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Zero good news on zero hours contracts?


It's true that the latest figures show that their growth has plateaued but there are still too many people on them who are being exploited and the Government's proposed response is woeful

There would appear to be modest signs of progress when it comes to the exploitative zero hours contracts that hundreds of thousands of Britons find themselves stuck on in the latest data.

Official figures show the number of firms using them did rise to 1.8m in the year to November, up from 1.7m the previous year.

Not exactly good news, but the Office for National Statistics noted that the survey methodology had changed so cautioned against drawing firm conclusions.

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Meanwhile the proportion of the workforce on them stayed flat at 6 per cent, and the available evidence at least seems to suggests that their runaway growth has slowed.

The Resolution Foundation pointed to a positive from another dataset which looks at the actual number of contracts in force. It came in at 901,000 between October and December 2017, a slight fall compared to six moths ago.

However, the problem is this: There are still around 900,000 workers in this country who don’t know how many hours they’re going to get from one week to the next.

In some sectors, hospitality for example, they represent as much as 20 per cent of the labour force, with young and female workers particularly badly affected.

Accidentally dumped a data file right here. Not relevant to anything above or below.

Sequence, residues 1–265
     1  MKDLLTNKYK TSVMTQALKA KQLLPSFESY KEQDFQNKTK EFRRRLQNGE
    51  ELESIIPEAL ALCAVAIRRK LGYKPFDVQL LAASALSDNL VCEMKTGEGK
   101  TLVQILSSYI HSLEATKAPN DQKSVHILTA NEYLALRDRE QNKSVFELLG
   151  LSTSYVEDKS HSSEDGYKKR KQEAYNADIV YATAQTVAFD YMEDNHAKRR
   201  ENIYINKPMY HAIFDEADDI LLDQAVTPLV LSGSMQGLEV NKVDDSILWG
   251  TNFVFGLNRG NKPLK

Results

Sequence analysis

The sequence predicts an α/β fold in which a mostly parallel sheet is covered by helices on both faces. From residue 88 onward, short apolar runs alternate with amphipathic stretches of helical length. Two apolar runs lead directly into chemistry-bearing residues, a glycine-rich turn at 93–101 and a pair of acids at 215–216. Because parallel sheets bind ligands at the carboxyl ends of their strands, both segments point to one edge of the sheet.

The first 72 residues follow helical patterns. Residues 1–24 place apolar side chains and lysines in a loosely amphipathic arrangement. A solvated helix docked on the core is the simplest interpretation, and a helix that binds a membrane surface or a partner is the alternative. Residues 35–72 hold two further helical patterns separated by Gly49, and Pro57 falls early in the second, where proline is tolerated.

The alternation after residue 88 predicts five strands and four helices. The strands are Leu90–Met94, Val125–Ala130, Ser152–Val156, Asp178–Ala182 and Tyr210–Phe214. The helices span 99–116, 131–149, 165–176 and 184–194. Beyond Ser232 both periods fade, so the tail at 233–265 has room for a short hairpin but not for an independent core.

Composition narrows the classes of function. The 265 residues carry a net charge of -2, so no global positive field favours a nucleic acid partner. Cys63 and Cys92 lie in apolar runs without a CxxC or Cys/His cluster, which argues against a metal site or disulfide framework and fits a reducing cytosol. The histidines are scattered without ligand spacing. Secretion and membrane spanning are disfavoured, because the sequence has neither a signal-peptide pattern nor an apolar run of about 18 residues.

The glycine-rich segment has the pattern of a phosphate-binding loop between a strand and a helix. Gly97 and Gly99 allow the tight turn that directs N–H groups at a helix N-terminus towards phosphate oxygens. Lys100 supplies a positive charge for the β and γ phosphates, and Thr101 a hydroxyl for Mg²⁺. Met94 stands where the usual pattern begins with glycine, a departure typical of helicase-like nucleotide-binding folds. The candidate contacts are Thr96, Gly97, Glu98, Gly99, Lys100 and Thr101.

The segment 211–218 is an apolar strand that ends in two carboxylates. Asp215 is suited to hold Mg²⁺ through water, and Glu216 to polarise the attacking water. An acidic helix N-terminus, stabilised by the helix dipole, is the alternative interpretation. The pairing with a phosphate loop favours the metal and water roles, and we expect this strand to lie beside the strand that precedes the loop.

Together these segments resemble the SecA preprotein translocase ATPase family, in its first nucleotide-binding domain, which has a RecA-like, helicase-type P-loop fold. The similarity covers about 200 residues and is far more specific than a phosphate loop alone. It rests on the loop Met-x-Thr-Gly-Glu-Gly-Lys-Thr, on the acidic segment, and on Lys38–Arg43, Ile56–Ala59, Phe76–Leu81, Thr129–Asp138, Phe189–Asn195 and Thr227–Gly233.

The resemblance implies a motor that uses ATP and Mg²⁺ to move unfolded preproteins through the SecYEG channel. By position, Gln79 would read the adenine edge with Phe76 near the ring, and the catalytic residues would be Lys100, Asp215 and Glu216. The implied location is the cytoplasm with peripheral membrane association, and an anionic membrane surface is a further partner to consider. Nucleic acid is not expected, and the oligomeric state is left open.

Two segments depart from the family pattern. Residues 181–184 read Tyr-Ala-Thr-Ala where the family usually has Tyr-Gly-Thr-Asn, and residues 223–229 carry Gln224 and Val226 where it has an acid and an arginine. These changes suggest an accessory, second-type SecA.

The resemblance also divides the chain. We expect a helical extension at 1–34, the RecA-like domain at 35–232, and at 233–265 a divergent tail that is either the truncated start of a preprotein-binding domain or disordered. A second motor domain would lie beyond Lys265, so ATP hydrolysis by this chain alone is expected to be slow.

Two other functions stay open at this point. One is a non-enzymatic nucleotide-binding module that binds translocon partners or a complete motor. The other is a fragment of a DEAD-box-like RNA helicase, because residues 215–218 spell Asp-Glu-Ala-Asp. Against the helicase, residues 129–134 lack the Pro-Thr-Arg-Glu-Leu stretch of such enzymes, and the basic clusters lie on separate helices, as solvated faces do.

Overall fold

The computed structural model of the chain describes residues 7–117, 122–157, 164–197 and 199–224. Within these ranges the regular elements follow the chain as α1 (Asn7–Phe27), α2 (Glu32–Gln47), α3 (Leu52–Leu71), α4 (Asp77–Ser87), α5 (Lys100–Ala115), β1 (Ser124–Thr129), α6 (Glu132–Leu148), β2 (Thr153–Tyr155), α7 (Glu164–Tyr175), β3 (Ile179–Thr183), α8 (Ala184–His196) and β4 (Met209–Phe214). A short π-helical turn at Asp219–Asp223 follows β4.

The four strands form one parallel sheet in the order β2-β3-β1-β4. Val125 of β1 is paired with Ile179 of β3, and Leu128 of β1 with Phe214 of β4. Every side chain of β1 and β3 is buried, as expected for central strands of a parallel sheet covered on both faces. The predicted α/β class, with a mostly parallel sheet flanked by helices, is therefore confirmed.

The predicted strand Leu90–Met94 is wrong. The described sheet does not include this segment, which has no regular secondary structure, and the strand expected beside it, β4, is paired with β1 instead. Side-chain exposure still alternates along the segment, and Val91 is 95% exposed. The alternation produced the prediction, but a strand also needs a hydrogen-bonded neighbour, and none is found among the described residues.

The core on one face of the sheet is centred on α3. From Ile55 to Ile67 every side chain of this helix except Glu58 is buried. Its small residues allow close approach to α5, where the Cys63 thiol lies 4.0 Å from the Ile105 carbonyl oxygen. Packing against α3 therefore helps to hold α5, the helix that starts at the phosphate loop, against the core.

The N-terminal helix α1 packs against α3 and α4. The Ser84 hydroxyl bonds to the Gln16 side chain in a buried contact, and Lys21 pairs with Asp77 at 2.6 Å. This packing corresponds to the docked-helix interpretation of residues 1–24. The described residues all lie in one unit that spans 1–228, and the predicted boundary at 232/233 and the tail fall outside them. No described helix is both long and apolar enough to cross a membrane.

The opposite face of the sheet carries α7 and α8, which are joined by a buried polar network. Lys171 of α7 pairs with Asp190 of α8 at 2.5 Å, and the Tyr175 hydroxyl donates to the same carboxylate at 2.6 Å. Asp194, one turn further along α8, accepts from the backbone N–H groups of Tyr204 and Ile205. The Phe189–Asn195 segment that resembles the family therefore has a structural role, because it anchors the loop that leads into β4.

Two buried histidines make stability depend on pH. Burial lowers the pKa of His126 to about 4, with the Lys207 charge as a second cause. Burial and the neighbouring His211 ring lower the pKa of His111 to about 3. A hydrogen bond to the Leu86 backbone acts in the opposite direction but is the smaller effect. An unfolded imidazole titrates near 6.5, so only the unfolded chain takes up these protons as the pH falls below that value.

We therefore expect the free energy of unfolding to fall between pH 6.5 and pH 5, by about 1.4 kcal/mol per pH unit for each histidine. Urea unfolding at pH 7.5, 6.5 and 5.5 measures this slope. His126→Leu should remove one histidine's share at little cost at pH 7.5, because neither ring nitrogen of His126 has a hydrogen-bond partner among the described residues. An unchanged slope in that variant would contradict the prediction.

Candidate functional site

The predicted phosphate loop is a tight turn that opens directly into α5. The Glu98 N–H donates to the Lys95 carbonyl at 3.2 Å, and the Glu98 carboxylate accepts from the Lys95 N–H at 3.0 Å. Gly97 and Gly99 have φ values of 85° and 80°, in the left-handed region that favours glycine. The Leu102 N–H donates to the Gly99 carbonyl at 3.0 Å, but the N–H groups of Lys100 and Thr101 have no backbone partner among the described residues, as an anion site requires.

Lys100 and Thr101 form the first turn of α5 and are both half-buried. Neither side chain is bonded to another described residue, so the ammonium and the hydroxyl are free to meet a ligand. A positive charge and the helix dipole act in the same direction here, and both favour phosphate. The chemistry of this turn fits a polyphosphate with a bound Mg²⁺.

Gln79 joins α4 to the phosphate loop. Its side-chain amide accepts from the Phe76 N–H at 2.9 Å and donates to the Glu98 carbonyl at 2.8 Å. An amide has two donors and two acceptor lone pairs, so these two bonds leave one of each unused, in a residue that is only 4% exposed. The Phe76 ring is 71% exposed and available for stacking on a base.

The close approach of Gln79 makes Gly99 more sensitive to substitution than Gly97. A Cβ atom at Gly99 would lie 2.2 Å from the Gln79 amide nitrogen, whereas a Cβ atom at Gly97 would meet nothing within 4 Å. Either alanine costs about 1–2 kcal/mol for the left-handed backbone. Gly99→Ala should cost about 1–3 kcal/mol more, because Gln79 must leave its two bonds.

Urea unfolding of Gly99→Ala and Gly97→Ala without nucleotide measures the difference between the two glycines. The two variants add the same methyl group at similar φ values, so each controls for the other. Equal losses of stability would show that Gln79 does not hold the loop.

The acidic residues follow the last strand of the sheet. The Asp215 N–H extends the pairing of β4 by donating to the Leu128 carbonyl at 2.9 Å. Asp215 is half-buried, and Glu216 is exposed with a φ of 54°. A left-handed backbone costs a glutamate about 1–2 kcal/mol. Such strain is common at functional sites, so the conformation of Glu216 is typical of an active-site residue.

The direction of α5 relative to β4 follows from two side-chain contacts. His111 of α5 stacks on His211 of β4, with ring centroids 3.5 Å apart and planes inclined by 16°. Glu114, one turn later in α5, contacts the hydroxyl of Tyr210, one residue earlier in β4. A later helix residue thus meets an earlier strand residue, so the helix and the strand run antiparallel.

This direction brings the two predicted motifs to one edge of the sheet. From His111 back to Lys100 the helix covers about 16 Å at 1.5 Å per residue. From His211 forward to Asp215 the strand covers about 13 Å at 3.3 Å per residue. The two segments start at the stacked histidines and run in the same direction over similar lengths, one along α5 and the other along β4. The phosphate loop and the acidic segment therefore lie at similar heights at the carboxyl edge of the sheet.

It is true that the zero hours arrangement works for some of them. But only some. Others suffer, with shifts cancelled at the drop of a hat on the one hand, while the screw is turned if they are unable to take up hours on the other. The “flexibility” in the zero hours contract often works only for the employer. A sizeable proportion of employees on them are being ruthlessly exploited.

It isn’t hard to see the reason for the modest fall in their number: Unemployment is at a 43-year low.

As things stand, there are alternatives out there for people with bad employers, alternatives that include guaranteed hours for those that want them.

However, that shouldn’t get the Government off the hook for sitting back while the problem has ballooned in front of its eyes. It is also true that Theresa May & Co are embarked on a suicidally stupid economic course with their beloved hard Brexit. The current zero hours slowdown could easily go into reverse as that takes away the alternatives.

In the wake of the Taylor Review into employment, ministers proposed to address the issue by providing workers with the “right to request” a more stable employment contract. The word “pathetic” isn’t nearly strong enough to describe that as a response. You can request such a contract now, but if you have a bad employer there’s no point. The Government’s proposals won’t change that.

On the other hand, Labour has mooted banning them. The problem with that is that it might hit those that the arrangement does work for.

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Resolution’s senior economic analyst Stephen Clarke suggests a middle course: a new right to guaranteed hours for anyone who has in practice been doing regular hours on a zero hours contract for at least three months.

A law to enforce that would require very careful wording. It would need to be sufficiently robust to counter attempts by bad employers to get around it.

But it’s not a bad place to start.

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